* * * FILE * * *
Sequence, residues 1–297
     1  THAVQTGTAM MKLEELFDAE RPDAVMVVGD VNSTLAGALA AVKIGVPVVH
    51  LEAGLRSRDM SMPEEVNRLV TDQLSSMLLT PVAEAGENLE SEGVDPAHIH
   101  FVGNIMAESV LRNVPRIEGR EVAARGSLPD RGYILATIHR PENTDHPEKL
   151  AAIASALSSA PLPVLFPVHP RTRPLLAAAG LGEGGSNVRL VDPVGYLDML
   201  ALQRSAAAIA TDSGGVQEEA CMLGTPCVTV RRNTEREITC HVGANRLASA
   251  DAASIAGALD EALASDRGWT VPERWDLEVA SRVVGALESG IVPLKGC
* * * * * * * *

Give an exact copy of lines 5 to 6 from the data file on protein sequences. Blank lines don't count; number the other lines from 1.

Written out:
   151  AAIASALSSA PLPVLFPVHP RTRPLLAAAG LGEGGSNVRL VDPVGYLDML
   201  ALQRSAAAIA TDSGGVQEEA CMLGTPCVTV RRNTEREITC HVGANRLASA